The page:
May construction rates total $556.1 billion.

NEW YORK - New construction starts for May were at a seasonally adjusted annual rate of $556.1 billion, up 1 percent compared to the previous month, according to figures released by McGraw-Hill Construction.

Nonresidential building registered its strongest performance so far in 2004, outweighing a modest retreat for housing and a more substantial decline for "nonbuilding" construction, such as public works and electric utilities.

"The construction industry has picked up the pace in recent months," said Robert A. Murray, vice president of economic affairs for McGraw-Hill Construction. "Single-family housing continues to be very strong, and now nonresidential building is beginning to see more sustained improvement, marking a change from its weakening trend over the past three years."

Nonresidential building jumped 11 percent in May to $164.7 billion. School construction edged up 3 percent, while health care facilities and public buildings reported gains of 15 percent. Transportation terminal work increased 19 percent.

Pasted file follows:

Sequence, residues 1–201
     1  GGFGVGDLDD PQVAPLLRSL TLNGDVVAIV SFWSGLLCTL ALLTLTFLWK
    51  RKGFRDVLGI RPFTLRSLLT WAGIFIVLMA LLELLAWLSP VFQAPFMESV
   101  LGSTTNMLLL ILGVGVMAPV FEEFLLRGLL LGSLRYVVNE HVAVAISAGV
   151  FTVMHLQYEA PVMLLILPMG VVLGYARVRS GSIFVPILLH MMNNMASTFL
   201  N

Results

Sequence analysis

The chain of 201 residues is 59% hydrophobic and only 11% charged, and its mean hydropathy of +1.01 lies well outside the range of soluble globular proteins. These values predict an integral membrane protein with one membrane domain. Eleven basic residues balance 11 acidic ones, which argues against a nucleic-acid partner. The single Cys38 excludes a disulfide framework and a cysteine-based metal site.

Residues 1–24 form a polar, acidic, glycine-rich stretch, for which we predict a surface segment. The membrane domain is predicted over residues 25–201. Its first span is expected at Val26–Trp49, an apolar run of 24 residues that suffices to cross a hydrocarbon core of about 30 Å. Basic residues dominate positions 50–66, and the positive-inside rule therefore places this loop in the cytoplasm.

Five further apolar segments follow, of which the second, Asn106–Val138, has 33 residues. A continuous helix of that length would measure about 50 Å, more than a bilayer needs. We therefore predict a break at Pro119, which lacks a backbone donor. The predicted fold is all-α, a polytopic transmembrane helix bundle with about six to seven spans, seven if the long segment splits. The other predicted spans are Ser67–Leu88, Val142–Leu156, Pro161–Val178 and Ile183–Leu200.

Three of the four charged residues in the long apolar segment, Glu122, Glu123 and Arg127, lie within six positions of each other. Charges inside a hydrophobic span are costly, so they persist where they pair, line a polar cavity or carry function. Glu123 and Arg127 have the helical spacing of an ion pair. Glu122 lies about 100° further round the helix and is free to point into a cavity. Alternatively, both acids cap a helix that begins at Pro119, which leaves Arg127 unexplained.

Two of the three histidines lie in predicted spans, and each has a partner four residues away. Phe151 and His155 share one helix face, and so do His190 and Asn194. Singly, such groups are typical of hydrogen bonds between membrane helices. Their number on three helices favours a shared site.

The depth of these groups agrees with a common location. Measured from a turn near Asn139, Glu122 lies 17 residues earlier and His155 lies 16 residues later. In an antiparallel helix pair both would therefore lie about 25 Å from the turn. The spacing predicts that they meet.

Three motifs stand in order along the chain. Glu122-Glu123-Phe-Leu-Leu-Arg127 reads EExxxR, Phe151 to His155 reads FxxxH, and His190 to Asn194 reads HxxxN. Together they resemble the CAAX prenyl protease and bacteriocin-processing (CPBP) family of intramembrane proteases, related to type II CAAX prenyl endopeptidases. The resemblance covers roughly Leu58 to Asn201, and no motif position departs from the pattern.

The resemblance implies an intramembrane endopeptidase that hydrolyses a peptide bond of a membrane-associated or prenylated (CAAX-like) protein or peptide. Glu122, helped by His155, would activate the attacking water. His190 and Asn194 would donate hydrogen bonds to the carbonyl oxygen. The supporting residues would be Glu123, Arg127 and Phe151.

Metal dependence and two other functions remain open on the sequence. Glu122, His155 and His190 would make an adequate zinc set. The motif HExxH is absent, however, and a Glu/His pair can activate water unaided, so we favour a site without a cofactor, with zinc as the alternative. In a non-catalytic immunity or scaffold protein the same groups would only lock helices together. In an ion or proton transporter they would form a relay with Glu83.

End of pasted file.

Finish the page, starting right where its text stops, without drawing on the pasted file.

McGraw-Hill also reported that residential building, at $312.7 billion, settled back 1 percent in May. Single-family housing was down 4 percent in dollar volume, although the amount was still 10 percent above the average pace in 2003. Multifamily housing grew 14 percent.

Nonbuilding construction dropped by 9 percent to $78.6 billion. According to McGraw-Hill, much of the nonbuilding retreat was the result of an 88 percent plunge in electric utilities, following the strong amount of new power plants started during March and April. The public works categories registered a mixed pattern. Highways and bridges increased 12 percent after a weak April, and water-supply systems were up 4 percent. Sewers and riverfront developments showed respective declines of 5 percent and 9 percent.

During the first five months of 2004, total construction on an adjusted basis was up 10 percent relative to the same period in 2003. Residential building led with a 21 percent gain. Nonresidential building in the January-May period was down 2 percent from a year ago, while nonbuilding construction was down 5 percent.